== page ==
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Mohamad Yusuffe and ors. Vs. Jashodha Kumar Das Purkaista and ors. - Court Judgment

LegalCrystal Citation
SubjectProperty
CourtKolkata
Decided On
Judge
Reported in2Ind.Cas.930
AppellantMohamad Yusuffe and ors.
RespondentJashodha Kumar Das Purkaista and ors.
Cases ReferredMutha Venkatachelapati v. Pyanda Venkatachelapati
Excerpt:
mortgage - sale with contract of re-purchase--construction of documents. - .....the witnesses to my purchasing kabala noted on the margin that if you repay rs. 625 the amount of purchase-money, and the amount of costs incurred by me for the purchase within four years from this date then i or my successors will be bound to give up in your favour the aforesaid lands and jamas. if you do not repay the money, you shall not be entitled to lay any claim after expiry of the term.' there is nothing in that document to indicate that rs. 625 had been advanced by way of loan or that the lands were taken by the defendants as security for such loan or that there was any question of repayment of a loan. in this respect, the case appears to us to be not distinguishable from the case of kinuram mondol v. nitye chand sirdar 11 c.w.n. 400. the contemporaneous document in that case.....
Judgment:

Chitty and Carnduff, JJ.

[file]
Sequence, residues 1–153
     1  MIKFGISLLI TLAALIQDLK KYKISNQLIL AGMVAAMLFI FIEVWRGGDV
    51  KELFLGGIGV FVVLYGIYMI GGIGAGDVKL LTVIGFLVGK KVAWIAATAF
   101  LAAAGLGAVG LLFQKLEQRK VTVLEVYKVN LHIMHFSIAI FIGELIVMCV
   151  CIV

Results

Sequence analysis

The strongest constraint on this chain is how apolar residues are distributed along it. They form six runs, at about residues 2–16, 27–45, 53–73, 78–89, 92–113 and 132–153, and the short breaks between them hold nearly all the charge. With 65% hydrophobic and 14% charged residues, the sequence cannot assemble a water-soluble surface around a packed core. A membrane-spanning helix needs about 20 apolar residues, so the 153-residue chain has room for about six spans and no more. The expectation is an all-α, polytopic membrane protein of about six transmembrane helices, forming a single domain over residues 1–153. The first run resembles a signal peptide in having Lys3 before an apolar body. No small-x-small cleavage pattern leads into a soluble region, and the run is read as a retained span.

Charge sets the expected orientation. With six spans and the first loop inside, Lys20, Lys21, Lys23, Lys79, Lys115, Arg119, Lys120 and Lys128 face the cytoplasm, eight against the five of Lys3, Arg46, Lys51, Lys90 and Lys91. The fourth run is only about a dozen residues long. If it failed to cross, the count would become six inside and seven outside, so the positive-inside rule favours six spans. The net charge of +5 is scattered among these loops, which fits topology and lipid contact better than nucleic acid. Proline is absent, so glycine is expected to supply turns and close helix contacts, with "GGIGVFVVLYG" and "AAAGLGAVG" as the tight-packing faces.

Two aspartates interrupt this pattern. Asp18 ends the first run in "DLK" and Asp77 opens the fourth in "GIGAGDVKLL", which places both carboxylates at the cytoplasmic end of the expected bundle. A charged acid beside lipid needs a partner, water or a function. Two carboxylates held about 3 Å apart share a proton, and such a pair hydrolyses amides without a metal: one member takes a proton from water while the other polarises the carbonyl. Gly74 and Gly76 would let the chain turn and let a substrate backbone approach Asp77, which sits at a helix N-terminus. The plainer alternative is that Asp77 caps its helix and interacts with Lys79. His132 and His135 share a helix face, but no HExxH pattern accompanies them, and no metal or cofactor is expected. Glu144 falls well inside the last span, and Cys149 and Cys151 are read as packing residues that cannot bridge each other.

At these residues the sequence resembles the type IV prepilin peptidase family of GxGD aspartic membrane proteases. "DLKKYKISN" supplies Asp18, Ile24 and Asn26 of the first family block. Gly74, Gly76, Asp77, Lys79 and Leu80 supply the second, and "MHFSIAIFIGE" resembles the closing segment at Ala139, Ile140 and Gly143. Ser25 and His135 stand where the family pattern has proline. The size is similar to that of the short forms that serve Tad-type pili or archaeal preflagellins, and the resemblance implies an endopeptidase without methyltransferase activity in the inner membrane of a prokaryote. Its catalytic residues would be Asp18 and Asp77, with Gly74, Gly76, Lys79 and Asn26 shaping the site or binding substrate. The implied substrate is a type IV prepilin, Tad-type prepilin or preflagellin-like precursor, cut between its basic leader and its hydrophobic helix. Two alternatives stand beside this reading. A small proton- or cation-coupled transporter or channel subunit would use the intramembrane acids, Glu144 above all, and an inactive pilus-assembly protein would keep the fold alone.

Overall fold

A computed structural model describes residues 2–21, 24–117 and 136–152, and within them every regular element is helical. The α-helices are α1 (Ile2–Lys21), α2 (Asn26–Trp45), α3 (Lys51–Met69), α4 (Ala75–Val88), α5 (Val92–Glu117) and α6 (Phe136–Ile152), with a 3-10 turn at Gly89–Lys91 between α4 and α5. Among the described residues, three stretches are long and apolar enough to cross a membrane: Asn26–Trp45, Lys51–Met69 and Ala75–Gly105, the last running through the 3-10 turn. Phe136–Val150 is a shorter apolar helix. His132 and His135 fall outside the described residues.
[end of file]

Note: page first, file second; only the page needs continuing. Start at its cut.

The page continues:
1. The only question which arises in this appeal is whether the transaction between the parties was a mortgage by conditional sale, or was an out and out sale by the plaintiffs to the defendants with a contract for re-purchase within four years. This question depends on the construction to be placed upon the documents in the case. The kabala is not before us but it is admitted that it was an out and out sale for a sum of Rs. 625. The deed was registered and, under it, the defendants took possession of the property. On the same day that the kahala was executed, an ekrarnama was signed by the predecessor of the defendants, and it contained these terms: I promise to you in the presence of the witnesses to my purchasing kabala noted on the margin that if you repay Rs. 625 the amount of purchase-money, and the amount of costs incurred by me for the purchase within four years from this date then I or my successors will be bound to give up in your favour the aforesaid lands and Jamas. If you do not repay the money, you shall not be entitled to lay any claim after expiry of the term.' There is nothing in that document to indicate that Rs. 625 had been advanced by way of loan or that the lands were taken by the defendants as security for such loan or that there was any question of repayment of a loan. In this respect, the case appears to us to be not distinguishable from the case of Kinuram Mondol v. Nitye Chand Sirdar 11 C.W.N. 400. The contemporaneous document in that case was in terms very similar to that in the present case. This case is distinguishable from that of Mutha Venkatachelapati v. Pyanda Venkatachelapati 27 M. 348 because in that case the contemporaneous document distinctly indicated that the transaction was by way of mortgage. It was there held that such a document required registration and was not admissible in evidence and could not affect the property in question. If the ekrarnama as simply a contract for repurchase, as we think that it is, it could not require registration and the plaintiffs' suit would be simply for specific performance of that agreement. In form, the plaintiffs' suit appears to us to be one for specific performance. The prayer is one calling upon the defendants to execute a kabala in respect of the lands in suit on repayment by the plaintiffs of the purchase-money and costs. For these reasons, we think that the decision of the Additional District Judge is correct and the appeal is, accordingly, dismissed with costs.


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